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  • Faith Croll

Land the Job: Know How to Easily Improve Your Qualifications

Congratulations, you got an interview! Now what? Wing it? No way! There is still work to do. In this blog series, we will prepare you for commonly asked interview questions.

Tell me about yourself and your qualifications.

Now, this isn’t technically a question, but it is a way for interviewers to get to know you. This ‘question’ is not only about the contents of your answer, but the way you answer.

First, brainstorm any possible qualifications. Think about your professional background, volunteer work, and personal life. Start a list of tasks you performed in each environment. Nothing is too small to make it onto this list. You want to have as much to work with as possible. Once you have everything, consider what skills helped you execute those tasks. Let me get the ball rolling.

Did you stock shelves in retail? When a customer interrupted you, you used task-management skills. Every longwinded story and question you listened to, you executed exemplary customer service. What about construction? To keep yourself safe, you utilized risk-assessment techniques. To get the job done, you had to work well with a team. Have you volunteered at a food bank? When you gave that mother of six an extra can of tuna, you assessed and met needs. Are you a parent? You can multitask. Have you ever applied for government assistance? You are persistent and organized. Are you punctual? Detail oriented? Stubborn? Any of these things can help you answer this ‘question.’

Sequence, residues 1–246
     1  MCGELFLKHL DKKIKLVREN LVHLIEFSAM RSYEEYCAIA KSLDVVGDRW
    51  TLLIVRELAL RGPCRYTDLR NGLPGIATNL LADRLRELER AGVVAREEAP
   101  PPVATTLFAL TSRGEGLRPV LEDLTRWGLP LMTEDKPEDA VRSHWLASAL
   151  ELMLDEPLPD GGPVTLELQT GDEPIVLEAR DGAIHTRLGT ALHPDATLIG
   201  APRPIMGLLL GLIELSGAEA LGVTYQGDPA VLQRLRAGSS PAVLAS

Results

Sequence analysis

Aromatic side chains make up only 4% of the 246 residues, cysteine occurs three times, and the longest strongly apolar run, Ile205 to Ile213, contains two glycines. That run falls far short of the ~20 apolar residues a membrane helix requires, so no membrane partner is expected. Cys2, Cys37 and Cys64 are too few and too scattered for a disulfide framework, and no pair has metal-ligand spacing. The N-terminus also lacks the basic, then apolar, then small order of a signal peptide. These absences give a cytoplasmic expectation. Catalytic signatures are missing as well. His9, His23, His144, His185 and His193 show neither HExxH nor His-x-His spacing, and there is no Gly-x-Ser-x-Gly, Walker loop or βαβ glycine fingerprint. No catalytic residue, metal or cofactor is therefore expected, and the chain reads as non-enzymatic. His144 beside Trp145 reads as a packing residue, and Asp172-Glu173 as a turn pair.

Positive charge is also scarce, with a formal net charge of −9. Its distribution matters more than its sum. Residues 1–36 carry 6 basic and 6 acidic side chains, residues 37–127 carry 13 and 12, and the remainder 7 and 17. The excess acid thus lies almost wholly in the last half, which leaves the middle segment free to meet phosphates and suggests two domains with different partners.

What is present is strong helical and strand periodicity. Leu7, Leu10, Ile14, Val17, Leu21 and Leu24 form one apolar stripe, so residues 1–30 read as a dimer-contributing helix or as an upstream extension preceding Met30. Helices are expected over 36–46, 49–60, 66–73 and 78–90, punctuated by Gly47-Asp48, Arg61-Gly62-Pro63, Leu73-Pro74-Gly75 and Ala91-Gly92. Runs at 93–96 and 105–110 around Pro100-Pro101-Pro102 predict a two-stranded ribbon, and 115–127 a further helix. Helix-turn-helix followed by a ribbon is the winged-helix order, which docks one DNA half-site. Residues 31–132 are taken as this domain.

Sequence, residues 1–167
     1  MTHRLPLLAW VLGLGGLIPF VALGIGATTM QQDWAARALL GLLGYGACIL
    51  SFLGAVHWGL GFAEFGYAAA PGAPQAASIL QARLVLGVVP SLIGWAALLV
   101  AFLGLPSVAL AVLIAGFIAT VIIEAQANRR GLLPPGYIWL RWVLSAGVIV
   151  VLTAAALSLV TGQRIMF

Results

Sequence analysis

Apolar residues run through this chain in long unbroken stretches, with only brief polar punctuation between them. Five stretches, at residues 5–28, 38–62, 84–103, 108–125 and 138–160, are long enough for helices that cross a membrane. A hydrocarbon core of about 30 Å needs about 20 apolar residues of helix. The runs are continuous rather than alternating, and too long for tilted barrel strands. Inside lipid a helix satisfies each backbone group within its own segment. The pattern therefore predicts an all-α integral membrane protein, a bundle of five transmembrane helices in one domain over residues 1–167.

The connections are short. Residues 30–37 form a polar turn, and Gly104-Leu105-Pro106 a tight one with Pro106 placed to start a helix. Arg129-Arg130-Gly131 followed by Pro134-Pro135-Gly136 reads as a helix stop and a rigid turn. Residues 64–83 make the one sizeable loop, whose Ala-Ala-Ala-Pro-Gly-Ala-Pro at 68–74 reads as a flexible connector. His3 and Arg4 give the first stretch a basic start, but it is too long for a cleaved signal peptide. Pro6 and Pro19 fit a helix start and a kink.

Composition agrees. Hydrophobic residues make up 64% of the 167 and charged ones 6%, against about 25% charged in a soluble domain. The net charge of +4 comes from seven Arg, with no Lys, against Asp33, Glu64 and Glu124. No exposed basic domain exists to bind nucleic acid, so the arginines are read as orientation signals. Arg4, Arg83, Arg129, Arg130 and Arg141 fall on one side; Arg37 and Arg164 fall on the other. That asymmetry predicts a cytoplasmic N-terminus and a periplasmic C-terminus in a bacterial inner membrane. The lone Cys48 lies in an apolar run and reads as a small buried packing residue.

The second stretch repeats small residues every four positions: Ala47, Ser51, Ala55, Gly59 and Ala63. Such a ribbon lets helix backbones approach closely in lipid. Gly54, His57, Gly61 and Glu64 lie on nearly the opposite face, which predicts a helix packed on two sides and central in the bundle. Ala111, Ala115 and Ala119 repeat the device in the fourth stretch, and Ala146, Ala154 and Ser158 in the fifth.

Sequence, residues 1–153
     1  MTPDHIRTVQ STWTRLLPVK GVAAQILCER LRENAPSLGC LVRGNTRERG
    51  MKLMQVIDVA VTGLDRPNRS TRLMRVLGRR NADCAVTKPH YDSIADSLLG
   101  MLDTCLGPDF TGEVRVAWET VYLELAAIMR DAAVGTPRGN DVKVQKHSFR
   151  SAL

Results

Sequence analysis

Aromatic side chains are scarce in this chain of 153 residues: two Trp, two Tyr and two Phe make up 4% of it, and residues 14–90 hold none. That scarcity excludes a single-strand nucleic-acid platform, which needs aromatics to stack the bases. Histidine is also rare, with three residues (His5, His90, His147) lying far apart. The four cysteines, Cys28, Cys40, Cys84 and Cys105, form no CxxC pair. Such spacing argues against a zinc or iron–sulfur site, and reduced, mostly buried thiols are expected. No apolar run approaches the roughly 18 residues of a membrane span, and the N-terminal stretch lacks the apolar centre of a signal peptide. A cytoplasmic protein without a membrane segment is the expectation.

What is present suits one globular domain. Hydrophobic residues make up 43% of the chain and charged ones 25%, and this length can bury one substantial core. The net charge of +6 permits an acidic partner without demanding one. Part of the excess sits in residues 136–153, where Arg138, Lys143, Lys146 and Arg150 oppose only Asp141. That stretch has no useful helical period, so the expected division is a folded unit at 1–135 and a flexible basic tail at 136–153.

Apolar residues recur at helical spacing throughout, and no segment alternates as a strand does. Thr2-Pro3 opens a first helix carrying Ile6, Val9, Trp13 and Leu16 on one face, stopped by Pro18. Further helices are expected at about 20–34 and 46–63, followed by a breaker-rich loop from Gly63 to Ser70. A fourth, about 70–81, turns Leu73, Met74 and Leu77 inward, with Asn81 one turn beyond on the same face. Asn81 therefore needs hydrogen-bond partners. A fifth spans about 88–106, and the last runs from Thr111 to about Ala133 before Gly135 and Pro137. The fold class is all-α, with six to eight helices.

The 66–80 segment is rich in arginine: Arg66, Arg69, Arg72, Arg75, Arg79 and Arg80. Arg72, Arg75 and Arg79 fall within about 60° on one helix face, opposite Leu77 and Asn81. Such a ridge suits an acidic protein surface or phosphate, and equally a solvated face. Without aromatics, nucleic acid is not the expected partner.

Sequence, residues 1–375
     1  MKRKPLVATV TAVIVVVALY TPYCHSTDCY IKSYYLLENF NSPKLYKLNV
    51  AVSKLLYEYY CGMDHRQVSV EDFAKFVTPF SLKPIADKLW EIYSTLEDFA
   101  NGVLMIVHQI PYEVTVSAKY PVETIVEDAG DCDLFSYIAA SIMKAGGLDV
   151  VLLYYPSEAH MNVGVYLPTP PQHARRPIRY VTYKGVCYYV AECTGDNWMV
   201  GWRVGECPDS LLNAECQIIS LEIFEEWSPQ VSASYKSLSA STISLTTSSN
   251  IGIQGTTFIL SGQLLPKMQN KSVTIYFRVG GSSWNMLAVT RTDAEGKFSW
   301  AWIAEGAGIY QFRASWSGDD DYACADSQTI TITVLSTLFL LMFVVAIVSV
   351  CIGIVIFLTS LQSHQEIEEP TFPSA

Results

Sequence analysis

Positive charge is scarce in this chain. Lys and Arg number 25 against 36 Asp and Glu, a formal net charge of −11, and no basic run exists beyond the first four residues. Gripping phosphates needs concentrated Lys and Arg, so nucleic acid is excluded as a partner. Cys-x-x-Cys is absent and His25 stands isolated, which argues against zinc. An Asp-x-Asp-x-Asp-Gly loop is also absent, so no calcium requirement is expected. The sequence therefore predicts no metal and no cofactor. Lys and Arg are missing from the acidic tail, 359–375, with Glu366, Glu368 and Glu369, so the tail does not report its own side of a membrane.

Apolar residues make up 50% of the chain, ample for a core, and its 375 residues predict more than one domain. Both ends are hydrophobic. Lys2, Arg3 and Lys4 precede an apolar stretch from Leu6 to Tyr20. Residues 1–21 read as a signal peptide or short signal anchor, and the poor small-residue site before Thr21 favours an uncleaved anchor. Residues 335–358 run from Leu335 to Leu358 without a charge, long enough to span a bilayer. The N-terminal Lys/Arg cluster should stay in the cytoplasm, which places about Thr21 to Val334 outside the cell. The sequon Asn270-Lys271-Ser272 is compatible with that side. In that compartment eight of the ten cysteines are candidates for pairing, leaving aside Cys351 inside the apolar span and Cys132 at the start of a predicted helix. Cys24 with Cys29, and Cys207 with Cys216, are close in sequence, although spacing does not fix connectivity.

Let’s say you are a mother of two who used to work in retail. Your answer to this question might look like this:

I have experience working at this department store. While I worked there, I was always on time because my child-care depended on my punctuality. There were a variety of people that came to the store, and they each had different needs. It was my job to listen and help them find appropriate solutions. Besides customer service, I restocked shelves, updated prices, and performed general inventory tasks. I always put my tasks to the side when a customer needed me, but, after I helped them, I needed to resume my tasks. During my shift, I did my best to complete as much as possible. Before I left, I would take stock of what I completed so I could inform the next shift of remaining tasks. I also always made sure my aisles were blocked correctly and that there was no misplaced product.

The above response tells the story of her qualifications. It highlights her punctuality, customer-service, multitasking, teamwork, and task-management skills.

You can bolster this response with a personal story to highlight your skillset. Think about a specific interaction with a customer. Find an example of a disagreement in the workplace. Make your answer as personal as possible.

Any qualifications can add to your advantage in an interview. Don't discount unconventional skillsets. They make you a unique candidate for any position.


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